Scientists Unearth ‘Mind-Blowing’ Haul of 500 Million-Year-Old Fossil in China

May 16, 2019 Updated: May 24, 2019

An accidental discovery has unearthed an incredible collection of thousands of fossils on a river bank in China. Paleontologists are estimating that the fossils are about 518 million years old and are extraordinary for their documentation of soft-bodied organisms. Skin, eyes, and even internal organs have been “exquisitely” well preserved.

“What these localities give you is anatomy,” Harvard paleontologist Joanna Wolfe told National Geographic. “These are the best of the best.”

Reportedly, researchers have thus far identified 101 different animal species, and more than half of the discovered fossils are new to science.

The ancient fossils were collected from the site of Qingjiang, near Danshui river in China’s Hubei Province. The BBC wrote enthusiastically of the paleontologists’ “mind-blowing” findings, estimated to be from the tremendously abundant Cambrian period, which began some 541 million years ago. In the few tens of millions of years that followed, “complex marine ecosystems sprung up all around the world,” National Geographic informed, “teeming with creatures that form the base of today’s major animal groups.”

The team who collected the specimens published their findings in the journal Science in late March of 2019.

A fifth of the approximately 20,000 total specimens that were recovered were expertly analyzed. Harder bodily substances such as bone are less likely to decompose, so scientists were delighted to be able to identify soft-bodied worms, jellyfish, sea anemones, and even algae from their fossilized impressions.

All are “a very important source in the study of the early origins of creatures,” according to fieldwork leader Professor Xingliang Zhang from China’s Northwest University, who spoke to the BBC.

Prof. Zhang ventured that the Qingjiang fossil contingent must have been “rapidly buried in sediment” after a storm, owing to the extraordinary quality of visible soft-tissue impressions. Professor Robert Gaines, a geologist who partook in the study, was bowled over. “Their sheer abundance and their diversity of forms is stunning,” he said.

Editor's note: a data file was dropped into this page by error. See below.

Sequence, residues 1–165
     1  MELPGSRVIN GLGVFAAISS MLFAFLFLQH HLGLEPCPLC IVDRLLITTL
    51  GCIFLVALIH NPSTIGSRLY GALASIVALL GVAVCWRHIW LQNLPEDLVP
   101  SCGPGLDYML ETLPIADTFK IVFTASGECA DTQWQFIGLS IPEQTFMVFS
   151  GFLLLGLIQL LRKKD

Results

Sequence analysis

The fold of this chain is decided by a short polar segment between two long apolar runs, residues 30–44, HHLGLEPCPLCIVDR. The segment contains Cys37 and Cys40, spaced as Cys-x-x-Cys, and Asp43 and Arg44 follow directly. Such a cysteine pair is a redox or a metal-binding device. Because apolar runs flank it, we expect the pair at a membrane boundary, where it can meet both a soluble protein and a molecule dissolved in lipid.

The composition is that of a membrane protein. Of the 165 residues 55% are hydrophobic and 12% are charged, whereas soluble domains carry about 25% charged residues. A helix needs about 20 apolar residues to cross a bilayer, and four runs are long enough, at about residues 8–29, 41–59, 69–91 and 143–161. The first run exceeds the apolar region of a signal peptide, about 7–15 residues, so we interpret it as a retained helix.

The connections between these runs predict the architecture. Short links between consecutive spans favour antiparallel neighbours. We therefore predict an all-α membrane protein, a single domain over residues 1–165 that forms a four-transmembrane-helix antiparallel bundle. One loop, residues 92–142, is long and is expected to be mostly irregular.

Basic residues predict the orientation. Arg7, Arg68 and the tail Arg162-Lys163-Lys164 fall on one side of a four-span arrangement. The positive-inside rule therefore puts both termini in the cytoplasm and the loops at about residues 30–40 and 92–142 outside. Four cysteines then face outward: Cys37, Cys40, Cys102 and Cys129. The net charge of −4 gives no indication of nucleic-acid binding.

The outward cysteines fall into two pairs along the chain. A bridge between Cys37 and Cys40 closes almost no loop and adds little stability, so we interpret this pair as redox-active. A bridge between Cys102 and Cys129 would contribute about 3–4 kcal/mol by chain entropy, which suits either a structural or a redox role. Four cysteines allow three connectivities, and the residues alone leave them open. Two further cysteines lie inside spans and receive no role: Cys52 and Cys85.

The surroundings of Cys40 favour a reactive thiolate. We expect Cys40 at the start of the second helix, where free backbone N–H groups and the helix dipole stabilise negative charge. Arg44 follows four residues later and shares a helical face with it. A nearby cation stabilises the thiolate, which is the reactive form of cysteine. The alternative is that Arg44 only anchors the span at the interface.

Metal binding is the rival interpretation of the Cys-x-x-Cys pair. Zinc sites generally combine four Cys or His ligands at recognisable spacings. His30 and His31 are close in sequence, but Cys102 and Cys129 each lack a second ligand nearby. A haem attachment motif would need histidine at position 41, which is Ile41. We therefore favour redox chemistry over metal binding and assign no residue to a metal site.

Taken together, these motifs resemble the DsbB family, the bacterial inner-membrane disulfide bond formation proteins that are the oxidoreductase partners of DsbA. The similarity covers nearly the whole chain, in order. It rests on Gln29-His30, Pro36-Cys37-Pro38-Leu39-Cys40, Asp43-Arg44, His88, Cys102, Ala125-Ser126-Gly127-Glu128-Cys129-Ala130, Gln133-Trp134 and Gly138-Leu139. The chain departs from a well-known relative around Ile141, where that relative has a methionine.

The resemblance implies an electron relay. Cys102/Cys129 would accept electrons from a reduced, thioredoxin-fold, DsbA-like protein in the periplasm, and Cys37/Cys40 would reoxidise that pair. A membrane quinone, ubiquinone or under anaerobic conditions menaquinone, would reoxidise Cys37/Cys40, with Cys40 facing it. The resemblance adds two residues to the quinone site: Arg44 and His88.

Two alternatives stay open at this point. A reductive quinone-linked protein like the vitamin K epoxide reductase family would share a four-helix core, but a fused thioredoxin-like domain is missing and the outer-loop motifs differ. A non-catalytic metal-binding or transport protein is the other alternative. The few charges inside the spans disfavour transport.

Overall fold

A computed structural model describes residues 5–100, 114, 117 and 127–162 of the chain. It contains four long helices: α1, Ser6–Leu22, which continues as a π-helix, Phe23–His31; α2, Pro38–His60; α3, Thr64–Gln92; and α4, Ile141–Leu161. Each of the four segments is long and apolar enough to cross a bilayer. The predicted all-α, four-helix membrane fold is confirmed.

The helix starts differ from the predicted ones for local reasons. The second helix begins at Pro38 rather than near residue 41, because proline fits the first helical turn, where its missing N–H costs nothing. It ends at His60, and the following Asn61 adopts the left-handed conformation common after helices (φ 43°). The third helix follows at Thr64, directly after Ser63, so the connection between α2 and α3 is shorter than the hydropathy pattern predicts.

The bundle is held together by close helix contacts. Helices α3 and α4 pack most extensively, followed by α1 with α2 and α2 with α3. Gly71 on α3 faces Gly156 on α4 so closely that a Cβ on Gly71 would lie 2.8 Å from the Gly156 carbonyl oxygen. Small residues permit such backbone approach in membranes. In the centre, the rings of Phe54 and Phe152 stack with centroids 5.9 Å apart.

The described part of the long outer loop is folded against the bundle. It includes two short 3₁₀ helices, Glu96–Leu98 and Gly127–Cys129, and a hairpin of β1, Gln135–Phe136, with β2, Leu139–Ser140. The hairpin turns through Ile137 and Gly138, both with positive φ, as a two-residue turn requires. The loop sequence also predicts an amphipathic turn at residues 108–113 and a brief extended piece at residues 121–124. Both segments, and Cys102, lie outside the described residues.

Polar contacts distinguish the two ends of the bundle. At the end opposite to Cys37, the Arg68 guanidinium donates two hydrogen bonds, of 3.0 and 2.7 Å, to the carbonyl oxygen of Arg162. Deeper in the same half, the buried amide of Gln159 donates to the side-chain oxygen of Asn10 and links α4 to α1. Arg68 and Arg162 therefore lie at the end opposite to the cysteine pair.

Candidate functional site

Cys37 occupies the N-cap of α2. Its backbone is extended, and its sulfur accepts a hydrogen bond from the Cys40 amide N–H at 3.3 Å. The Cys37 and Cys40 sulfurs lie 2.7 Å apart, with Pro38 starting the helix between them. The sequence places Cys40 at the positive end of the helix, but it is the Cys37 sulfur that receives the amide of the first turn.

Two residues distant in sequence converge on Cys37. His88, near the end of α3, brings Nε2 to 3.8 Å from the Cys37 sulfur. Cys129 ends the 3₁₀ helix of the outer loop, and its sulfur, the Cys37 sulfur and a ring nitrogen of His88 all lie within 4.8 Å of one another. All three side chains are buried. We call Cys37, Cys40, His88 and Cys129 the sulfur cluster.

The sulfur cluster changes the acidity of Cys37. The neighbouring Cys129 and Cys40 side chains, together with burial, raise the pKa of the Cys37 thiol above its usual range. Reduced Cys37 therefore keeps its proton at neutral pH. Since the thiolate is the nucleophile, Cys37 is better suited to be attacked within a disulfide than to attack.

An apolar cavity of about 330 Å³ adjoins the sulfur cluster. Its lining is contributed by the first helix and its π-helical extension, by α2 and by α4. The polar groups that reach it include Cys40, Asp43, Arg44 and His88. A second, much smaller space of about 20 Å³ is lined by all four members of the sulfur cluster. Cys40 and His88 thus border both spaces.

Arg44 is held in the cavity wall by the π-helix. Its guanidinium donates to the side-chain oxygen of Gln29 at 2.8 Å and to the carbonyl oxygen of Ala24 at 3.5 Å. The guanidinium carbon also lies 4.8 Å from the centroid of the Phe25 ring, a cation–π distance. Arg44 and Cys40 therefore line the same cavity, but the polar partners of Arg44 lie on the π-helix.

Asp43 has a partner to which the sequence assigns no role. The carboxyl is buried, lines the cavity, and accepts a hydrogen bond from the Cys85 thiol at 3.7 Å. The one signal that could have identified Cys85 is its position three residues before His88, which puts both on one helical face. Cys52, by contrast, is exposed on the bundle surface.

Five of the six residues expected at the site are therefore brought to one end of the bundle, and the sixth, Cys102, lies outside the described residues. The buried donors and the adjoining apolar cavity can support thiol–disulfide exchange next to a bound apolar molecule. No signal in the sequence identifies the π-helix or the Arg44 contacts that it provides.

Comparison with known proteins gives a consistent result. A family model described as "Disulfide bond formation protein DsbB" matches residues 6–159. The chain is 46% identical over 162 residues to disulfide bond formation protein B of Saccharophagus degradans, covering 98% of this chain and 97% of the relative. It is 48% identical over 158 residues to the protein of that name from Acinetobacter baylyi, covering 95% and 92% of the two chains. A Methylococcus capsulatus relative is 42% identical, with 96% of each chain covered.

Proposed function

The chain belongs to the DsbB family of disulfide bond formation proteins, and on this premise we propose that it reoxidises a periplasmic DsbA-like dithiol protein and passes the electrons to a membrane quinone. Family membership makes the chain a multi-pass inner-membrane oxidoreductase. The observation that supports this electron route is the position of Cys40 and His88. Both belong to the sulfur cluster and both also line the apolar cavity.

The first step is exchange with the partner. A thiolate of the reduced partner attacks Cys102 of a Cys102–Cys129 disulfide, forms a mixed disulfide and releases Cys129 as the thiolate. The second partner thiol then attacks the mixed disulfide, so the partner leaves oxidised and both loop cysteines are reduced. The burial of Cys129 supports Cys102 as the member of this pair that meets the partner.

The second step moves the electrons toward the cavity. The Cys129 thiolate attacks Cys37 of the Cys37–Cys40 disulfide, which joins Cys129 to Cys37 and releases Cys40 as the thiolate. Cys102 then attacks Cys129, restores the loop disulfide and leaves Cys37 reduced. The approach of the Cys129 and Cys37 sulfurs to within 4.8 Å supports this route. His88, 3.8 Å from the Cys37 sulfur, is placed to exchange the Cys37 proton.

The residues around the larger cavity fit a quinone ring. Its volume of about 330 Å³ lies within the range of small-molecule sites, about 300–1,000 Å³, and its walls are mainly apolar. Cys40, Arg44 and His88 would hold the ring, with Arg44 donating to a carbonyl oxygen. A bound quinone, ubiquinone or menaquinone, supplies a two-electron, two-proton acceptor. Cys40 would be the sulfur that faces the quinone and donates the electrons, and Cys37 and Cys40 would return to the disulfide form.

Professor Allison Daley, who contributed a paleontological analysis to the proceedings, readily admitted: “It blew my mind.”

Speaking to BBC’s Science in Action, she added: “I never thought I’d get to witness the discovery of such an incredible site … For the first time we’re seeing preservation of jellyfish. [When] you think of jellyfish today,” she continued, “they’re so soft-bodied, so delicate, but they’re preserved unbelievably well at this site.”

The team has their work cut out for them documenting the remaining 16,000-odd specimens, but the heady scent of excitement fills the air. Researchers are taking steps to protect the Qingjiang site, as further detailed exploration of the region of Hubei Province will reap even more information about the Cambrian ecosystem and the amazing fossilization of soft-tissued creatures.

“Biotic diversity today is something that we take for granted,” Prof. Gaines lamented, “even though there are indications that extinction rates are sharply increasing.” However, he fervently hopes that this recent discovery “reminds us of our deep kinship to all living animals.”

Jakob Vinther, a paleobiologist at the University of Bristol, indicated to Current Biology that the treasure hunt isn’t over yet. “It’s a Pandora’s box,” he said. “Every time we find a new site like this. There’s still many gaps.”

“There’s still many weird wonders.”

Illustration – Shutterstock | A_Lesik